Stepping away from Big Tech and social media for a moment, the Biden administration recently decided to support a World Trade Organization waiver of intellectual property (I.P.) protections on Covid-19 vaccines, creating a ripple of praise from the political left and scorn from the right. The arguments raised against eliminating patents and other protections on these innovations come directly from the I.P. playbook: Firms, it holds, will not invest in long, costly, and uncertain research programs without a guaranteed profit for a certain amount of time. Without some form of temporally-constrained monopoly, the justification continues, purely speculative explorations will be avoided. No firm or lone inventor will take on a long-shot, experimental undertaking if the possibility exists that, if successful, their idea may immediately be copied or improved upon by a competing entity.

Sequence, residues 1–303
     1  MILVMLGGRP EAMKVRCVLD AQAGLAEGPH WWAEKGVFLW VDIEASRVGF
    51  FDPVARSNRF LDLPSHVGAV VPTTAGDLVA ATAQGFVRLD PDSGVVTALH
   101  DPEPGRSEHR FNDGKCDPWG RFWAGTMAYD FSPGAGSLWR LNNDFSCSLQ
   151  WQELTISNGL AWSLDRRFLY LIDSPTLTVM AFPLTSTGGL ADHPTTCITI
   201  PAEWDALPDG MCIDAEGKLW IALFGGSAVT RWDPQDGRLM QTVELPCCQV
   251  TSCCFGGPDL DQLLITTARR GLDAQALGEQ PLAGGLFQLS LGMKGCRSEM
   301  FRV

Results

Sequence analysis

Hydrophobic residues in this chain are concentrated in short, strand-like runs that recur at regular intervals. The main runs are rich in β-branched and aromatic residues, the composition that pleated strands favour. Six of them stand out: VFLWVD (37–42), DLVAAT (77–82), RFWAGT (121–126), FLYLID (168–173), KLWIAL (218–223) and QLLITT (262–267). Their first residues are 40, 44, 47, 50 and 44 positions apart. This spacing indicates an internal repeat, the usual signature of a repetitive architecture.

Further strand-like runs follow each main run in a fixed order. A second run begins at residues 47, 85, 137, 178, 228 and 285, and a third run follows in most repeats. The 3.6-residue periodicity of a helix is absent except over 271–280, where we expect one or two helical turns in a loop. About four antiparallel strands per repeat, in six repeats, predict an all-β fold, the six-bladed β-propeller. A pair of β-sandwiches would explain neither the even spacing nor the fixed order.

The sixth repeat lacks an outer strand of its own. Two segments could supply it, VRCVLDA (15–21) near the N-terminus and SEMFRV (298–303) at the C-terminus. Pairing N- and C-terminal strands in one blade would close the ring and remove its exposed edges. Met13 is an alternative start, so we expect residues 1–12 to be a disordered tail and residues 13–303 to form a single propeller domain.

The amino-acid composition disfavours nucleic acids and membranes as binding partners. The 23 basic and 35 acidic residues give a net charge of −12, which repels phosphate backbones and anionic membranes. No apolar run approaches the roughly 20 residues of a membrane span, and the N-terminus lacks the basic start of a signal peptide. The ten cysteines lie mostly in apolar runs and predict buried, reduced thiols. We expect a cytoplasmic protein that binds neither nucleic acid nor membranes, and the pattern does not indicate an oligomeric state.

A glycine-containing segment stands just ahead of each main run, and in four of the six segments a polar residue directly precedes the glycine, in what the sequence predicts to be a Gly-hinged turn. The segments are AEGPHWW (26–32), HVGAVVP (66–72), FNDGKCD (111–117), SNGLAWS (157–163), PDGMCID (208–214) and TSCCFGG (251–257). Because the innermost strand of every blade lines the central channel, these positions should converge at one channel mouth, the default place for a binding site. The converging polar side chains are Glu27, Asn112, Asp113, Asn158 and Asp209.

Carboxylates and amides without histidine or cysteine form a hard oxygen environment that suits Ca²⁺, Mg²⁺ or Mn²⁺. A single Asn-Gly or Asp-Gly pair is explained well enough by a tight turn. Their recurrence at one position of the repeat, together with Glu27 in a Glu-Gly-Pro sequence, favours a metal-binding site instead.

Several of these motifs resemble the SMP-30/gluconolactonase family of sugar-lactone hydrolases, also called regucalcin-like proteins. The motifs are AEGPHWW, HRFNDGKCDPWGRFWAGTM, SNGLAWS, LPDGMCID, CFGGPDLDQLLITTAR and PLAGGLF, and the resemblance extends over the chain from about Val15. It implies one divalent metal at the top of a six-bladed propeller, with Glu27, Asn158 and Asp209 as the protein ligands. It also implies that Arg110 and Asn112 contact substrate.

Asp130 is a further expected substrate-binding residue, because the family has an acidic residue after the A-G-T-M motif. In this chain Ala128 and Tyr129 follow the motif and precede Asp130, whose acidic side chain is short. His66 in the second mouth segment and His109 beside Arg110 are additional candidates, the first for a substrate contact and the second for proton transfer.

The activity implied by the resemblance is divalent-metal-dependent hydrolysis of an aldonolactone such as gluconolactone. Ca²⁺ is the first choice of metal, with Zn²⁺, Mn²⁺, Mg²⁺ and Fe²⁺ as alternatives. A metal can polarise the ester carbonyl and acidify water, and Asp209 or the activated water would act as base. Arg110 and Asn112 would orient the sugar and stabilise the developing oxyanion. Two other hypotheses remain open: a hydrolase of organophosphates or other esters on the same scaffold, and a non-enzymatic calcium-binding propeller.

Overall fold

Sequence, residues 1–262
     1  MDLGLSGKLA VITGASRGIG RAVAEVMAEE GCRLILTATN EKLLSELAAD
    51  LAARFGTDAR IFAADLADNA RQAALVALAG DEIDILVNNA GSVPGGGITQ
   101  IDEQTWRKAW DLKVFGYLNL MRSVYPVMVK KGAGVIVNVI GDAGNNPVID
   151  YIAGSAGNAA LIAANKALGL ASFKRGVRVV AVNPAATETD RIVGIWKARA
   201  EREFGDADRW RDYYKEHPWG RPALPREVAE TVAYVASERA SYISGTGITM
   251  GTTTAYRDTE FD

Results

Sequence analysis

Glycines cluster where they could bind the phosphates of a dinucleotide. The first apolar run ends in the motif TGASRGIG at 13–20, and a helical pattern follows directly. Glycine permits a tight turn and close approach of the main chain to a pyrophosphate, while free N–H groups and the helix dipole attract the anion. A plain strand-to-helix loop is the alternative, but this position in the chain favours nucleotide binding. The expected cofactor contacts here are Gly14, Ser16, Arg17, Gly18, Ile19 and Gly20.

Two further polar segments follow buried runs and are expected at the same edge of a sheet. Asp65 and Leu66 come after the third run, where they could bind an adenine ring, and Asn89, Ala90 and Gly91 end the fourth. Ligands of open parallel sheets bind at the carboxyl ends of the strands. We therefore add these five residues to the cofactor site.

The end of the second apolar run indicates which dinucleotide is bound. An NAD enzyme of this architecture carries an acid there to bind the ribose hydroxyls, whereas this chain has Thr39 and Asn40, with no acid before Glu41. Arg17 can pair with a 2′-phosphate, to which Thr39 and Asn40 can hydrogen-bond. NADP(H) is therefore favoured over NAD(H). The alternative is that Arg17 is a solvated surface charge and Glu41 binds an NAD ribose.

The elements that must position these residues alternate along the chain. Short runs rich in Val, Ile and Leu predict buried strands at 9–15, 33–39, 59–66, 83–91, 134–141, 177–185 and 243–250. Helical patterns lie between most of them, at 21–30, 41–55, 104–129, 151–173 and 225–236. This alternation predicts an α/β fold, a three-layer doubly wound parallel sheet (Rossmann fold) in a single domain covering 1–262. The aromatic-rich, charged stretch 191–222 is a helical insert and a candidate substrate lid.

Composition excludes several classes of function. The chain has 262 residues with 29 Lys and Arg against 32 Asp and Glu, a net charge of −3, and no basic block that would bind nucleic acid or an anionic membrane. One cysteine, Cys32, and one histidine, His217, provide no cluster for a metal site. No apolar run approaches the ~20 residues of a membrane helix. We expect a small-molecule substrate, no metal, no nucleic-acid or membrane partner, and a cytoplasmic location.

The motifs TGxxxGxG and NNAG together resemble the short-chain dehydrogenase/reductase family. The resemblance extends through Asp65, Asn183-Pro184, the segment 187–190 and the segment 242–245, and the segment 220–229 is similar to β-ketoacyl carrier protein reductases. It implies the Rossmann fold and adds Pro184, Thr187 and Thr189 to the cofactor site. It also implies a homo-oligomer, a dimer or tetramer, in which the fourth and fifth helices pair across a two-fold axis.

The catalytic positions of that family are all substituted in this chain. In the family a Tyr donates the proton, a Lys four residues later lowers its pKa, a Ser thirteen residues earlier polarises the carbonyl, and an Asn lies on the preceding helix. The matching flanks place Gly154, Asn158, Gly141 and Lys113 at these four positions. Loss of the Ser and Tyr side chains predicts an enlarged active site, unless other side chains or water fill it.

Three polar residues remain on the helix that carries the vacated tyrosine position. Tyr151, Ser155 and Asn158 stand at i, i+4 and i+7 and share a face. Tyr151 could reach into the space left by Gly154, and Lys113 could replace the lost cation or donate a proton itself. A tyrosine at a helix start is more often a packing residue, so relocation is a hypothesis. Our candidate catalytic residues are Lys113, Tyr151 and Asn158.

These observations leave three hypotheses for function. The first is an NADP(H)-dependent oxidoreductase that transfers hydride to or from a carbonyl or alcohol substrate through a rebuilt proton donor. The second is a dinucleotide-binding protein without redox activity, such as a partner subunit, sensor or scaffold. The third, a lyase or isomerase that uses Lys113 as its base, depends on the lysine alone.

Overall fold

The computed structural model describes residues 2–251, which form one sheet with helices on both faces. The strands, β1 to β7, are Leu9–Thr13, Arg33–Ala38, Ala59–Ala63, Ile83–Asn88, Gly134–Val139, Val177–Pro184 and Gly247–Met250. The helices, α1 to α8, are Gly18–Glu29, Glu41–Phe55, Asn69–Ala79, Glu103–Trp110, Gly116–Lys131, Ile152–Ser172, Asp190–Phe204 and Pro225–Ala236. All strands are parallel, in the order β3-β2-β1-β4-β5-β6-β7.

It’s an argument that appeals to protective or covetous instincts, but collapses upon closer inspection. Numerous breakthroughs have come despite the absence of government-sanctioned protection waiting for them: computers, penicillin, and X-rays among them. A particularly ingenious 2012 paper shows that of 8,000 American and British innovations shown at World’s Fairs between 1851 and 1915, most were not patent-protected. Examples beyond these abound.